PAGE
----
I met Hans through the IYAK Association. When I started doing research on Yaks, I found the most amazing coincidence, or as I believe there probably aren't many of those, but anyway, one of the founding members of IYAK was Jerry McRoberts of McRoberts Game Farm or MGF for short. That is how many animals are registered with the farms initials, and MGF is very famous for it's llamas and how I know this is because my first boy llama that I ever fell in love with, and the only one that I paid $$$ for that is worth a dime (Elway is the other) is an MGF llama! MGF Fortune Hunter, or Hunter as he is known around the ranch, is such a well rounded, beautiful llama he has remained one of my favorites all of these years. The funny thing is, is that I have this spectacular show quality llama up here hidden in the mountains and no one knows about it...
Ooops, got a bit sidetracked there, well, I guess that is why I called this blog a journal, lol. Back to Hans Von Barby! And Yes, I am going to keep saying his name that way because each time he calls or the kids say his name it is with such vigor it really cracks me up-he has such a strong German name it really fits his strong German personality! He is 77 years old, retired and married to a VERY avid Golden Retriever trainer/breeder/shower. He has a small herd of Yaks that sits at 8 right now.
I was so lucky to see an IYAK member that lives over in Evergreen right past the High School that I attended. Hans was kind enough to invite me over for lunch a couple of weeks ago so that I could meet him and his herd, learn more about Yaks, fencing, birthing, etc. As you all, family, friends, Rebels (my readers from my other blog) know by now I really do my research before I jump into any project....especially if it is a LIVING project.
We had a wonderful lunch, all served up in such a fashion that I had to think of my dear German-exchange sister Irina, the way he had the table set and everything. Just so fancy. Anyway, we talked about what I had planned with Yaks and how he got started in Yaks. And most importantly how he learned from his mistakes.. he lost 2 of his Yaks when he first got them and thought they were gone for good. They were sighted all over the mountainside for 2.5 months until he finally rounded them and a new calf up in the Springtime!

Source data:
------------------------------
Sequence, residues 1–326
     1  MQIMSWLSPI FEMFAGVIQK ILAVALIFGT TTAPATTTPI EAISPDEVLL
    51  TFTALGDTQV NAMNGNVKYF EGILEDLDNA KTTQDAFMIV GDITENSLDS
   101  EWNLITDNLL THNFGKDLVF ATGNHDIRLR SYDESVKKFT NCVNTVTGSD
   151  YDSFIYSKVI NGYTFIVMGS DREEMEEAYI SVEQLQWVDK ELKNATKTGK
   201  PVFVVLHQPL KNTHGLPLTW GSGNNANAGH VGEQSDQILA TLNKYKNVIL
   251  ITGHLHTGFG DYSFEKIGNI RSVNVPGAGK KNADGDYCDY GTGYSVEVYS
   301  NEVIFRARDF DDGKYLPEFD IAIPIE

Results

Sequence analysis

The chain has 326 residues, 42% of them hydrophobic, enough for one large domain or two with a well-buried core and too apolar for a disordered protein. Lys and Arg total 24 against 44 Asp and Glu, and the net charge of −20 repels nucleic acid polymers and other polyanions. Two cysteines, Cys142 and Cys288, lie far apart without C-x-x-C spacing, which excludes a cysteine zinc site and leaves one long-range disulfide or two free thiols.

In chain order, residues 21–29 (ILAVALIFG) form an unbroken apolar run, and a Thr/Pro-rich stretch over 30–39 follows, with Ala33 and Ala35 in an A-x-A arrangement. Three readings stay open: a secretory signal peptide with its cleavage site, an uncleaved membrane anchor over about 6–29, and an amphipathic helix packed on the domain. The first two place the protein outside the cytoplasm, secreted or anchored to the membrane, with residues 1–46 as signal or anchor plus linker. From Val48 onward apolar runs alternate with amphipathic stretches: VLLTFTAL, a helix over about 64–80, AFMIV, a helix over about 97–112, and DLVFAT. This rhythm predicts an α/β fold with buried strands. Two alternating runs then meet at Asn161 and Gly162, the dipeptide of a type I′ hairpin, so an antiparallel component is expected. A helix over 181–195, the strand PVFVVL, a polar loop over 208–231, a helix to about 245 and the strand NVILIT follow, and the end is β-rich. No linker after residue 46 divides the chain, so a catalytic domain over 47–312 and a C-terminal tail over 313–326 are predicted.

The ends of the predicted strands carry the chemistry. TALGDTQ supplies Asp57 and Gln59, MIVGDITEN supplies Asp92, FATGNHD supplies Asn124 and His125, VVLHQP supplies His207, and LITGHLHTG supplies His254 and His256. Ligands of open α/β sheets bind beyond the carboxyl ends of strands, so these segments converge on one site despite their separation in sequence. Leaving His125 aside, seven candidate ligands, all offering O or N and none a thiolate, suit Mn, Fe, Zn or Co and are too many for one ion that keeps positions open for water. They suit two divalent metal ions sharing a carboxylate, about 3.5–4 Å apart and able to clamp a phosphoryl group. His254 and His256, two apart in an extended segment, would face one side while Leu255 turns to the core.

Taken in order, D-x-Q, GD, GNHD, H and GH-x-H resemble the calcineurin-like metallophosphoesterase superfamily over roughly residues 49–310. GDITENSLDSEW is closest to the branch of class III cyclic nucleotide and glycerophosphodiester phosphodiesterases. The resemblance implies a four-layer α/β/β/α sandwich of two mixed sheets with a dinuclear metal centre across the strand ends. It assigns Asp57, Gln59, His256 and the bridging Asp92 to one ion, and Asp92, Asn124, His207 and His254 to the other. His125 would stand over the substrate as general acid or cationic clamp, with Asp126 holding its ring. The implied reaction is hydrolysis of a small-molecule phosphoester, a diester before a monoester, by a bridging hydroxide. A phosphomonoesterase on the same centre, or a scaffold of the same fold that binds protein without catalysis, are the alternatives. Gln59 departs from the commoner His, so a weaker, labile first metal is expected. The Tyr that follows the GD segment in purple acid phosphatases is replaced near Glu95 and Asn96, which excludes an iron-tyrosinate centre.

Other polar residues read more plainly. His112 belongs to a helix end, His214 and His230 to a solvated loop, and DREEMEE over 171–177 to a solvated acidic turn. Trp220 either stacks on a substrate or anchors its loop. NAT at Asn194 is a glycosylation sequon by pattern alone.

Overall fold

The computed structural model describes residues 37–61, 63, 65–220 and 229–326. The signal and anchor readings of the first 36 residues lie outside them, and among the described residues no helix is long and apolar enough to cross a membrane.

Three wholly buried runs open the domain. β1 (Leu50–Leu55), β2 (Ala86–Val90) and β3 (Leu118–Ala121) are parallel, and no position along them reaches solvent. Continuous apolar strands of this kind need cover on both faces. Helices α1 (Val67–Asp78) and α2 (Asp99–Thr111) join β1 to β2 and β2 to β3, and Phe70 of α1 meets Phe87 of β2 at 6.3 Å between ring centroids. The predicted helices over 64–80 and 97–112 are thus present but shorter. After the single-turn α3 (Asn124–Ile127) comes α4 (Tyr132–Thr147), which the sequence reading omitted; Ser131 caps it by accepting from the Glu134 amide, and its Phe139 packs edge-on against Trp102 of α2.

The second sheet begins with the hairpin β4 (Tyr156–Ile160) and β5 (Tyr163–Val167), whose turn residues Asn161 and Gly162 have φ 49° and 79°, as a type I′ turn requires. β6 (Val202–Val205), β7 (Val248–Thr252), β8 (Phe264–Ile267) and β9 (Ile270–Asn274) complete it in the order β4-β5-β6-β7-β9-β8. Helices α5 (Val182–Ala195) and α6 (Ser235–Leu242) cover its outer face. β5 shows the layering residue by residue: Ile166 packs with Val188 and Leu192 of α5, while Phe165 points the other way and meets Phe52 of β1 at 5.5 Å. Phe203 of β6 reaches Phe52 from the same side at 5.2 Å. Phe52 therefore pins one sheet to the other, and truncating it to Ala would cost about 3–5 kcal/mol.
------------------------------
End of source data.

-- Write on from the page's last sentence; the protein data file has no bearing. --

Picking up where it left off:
Somewhere on this dreaded web, I had read that Yaks are such docile creatures that they don't use their horns as defense and therefore we as humans are not in danger from them. That reminds me, I still need to look back and see where I read that so I can give those folks a piece of my mind, because when Hans heard that he got a good German chuckle out of it. And his bull Black Jack almost got a good piece out of my arm with his hook action if I hadn't been forewarned! They do have a mean downward hook tossing action going on with those big ass horns that is for sure!!! How in the world else would they defend themselves in the wild, duh? I was stupid to believe it in the first place.
Now, the bottle fed babies are an entirely different story; they on the other hand are as docile as can be. And even some of the calves that have been handled a lot. Which some of the smaller farms, like Hans' do, but many do not, so I will have to be very choosy when I go to pick out my animals...especially my BULL. Geez, there I go again, all getting off topic and telling more than I was planning. Dammit, George, see what you're doing to me here?
Okay, so things I learned at Hans Von Barby's house. He thinks that you CANNOT herd Yaks. Period. And do NOT ever let them get loose. His fences are at least 5 feet high and made of welded wire some with 2' squares and some with 4' squares. Also he thought that a concrete pad where they eat and drink would be a good idea as they territorial pee/poop this area and it would make it easier to clean. Yaks are not too keen on shelter like llamas, a three sided will do them fine. He has them in with a horse, a goat, 2 calves, 2 yearlings and the mamas of those. Bull is separate so he doesn't breed daughters, so Hans is hoping I will take some daughters.
So I compared them to llamas just a minute ago. And they sort of remind me of llamas; they are ruminants. But of course they are of the bovine family meaning that they are much more closely related to the cow, but in my opinion much smarter and more useful since we can use the fiber, etc. I am bummed that most folks are now telling me that no way in hell would they try to milk their Yak...we'll see about that. But back to comparisons, their poop is even like a combination of llama poop and cow, it is so weird! It is kind of like God took a fiber animal and a cow and Bam! you have a Yak!!!!